But Purnell and another vendor, Crystal Perez, say Flister downplayed the situation in text messages and Facebook comments.

Perez said Flister threatened to evict her from her vendor space at the Janesville mall, 3138 S. Highway 51, and ultimately did so after Perez publicly aired information about the racist items.

Perez, a Janesville native now living in Clinton, sells country and farmhouse-inspired decor. She said she took Flister to task for not meeting the controversy head on, and she thinks Flister should have made a public apology with a full explanation of what happened. But she said he did not disclose details and instead used quotations around the words “racist” and “inappropriate” in his social media post.

Perez said that seemed flippant to her.

“In this day and age, it’s just not acceptable, and especially not with the movements we’ve ... recently had going on, Black Lives Matter, the George Floyd issue,” Perez said. “This is absolutely unacceptable, and it’s becoming more aware to society that it’s just unacceptable.”

Perez said she and other vendors got calls from customers all weekend who said they plan to steer clear of both vintage malls.

“People felt there was completely zero concern for what hurt them—those things put on display that they and a lot of people had seen,” she said.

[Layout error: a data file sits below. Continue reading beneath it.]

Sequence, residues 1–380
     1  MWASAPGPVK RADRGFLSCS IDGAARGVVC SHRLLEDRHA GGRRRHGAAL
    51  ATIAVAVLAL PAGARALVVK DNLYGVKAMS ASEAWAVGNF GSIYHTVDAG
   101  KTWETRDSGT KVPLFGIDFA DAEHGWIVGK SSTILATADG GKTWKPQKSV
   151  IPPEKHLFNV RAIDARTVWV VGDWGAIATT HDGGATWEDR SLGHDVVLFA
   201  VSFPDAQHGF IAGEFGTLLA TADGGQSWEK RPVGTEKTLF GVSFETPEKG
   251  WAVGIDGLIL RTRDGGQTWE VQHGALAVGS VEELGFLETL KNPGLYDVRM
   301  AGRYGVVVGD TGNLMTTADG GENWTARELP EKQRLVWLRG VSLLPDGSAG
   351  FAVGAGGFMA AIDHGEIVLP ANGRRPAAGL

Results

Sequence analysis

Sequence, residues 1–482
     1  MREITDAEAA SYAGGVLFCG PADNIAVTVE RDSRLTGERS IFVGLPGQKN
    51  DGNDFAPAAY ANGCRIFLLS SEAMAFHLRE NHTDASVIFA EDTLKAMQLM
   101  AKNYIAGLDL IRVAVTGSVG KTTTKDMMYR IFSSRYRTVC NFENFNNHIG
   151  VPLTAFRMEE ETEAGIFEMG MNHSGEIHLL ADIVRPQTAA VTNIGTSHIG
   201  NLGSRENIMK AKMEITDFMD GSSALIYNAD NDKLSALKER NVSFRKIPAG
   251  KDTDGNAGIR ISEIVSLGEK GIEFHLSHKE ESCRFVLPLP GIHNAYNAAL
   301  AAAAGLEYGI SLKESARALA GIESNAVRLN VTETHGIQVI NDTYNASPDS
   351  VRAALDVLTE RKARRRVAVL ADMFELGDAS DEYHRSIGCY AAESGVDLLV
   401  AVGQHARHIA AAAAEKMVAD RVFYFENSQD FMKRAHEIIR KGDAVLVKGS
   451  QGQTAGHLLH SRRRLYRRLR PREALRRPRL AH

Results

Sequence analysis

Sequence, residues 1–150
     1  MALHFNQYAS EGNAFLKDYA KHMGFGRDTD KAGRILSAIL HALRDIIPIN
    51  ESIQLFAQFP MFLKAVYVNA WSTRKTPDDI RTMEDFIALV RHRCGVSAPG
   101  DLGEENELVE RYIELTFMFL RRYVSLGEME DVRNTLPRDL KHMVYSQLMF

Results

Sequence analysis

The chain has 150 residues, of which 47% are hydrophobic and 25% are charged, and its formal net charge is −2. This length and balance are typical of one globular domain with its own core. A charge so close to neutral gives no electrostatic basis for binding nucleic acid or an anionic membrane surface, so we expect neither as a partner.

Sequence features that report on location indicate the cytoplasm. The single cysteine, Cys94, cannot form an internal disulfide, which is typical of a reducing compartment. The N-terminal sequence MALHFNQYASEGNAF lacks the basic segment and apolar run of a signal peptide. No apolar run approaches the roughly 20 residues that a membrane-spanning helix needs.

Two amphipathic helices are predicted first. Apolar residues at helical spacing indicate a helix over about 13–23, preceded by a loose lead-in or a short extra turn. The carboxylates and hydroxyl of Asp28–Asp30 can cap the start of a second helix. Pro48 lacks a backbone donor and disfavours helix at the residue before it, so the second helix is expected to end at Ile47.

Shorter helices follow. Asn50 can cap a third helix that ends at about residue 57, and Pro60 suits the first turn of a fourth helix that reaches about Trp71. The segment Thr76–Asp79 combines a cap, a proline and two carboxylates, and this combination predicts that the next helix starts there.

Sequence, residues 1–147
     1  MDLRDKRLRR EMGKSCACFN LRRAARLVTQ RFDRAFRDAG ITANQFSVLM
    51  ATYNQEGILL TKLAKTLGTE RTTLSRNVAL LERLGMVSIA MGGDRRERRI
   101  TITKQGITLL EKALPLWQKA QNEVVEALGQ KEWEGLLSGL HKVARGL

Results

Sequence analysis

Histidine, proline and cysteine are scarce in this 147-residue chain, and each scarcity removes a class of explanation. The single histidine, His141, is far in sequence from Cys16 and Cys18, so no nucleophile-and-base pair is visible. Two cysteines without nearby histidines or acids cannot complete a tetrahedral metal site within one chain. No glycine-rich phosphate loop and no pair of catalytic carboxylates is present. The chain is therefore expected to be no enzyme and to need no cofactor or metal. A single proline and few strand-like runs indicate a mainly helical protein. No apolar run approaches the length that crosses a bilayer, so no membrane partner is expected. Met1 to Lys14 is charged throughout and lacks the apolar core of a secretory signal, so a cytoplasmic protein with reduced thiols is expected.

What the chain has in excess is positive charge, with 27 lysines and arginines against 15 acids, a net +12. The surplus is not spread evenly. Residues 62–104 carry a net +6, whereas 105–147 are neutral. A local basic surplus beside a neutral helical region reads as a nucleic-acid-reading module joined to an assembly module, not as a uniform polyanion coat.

Perez left the Best of Janesville Vintage Mall after Flister sent her this Facebook message, which was obtained by The Gazette:

“I really love you guys and would love to not kick you out,” but “on each team there is a head coach. I am the head coach. If you are not on board with what is going on, it may be better to part ways than to disrupt the locker room. I will leave that up to you at this point.”

In a phone interview, Flister said he thinks his malls and vendors have a good reputation, and he called the one vendor’s items an “isolated incident.”

He said it can be difficult and “impractical” for the malls to screen all of the vendor spaces for potentially objectionable items.

He declined to comment on text messages in which he appeared to threaten to remove tenants who continued speaking out and pressing him for further public apologies.

He called the texts “internal” communications.

In other text messages to tenants, Flister seemed to boil down the incident to a matter of political correctness or self-censorship on a “spectrum” of personal opinion.

In texts between Flister and another tenant obtained by The Gazette, Flister said the unfolding controversy over the Black caricature items and the Klan-themed Confederate flag reminded him of recent public sentiment over perceived racist themes in some Dr. Seuss books.

“It is definitely a spectrum,” Flister wrote. “When we see something inappropriate, we take it out—unfortunately the definition of ‘offensive’ is so all over the board—Example: Dr. Seuss and Washington Redskins recently.”

In the same exchange, Flister characterized the situation as “silly” and wrote, “It will all blow over, I’m sure.”


Recommended for you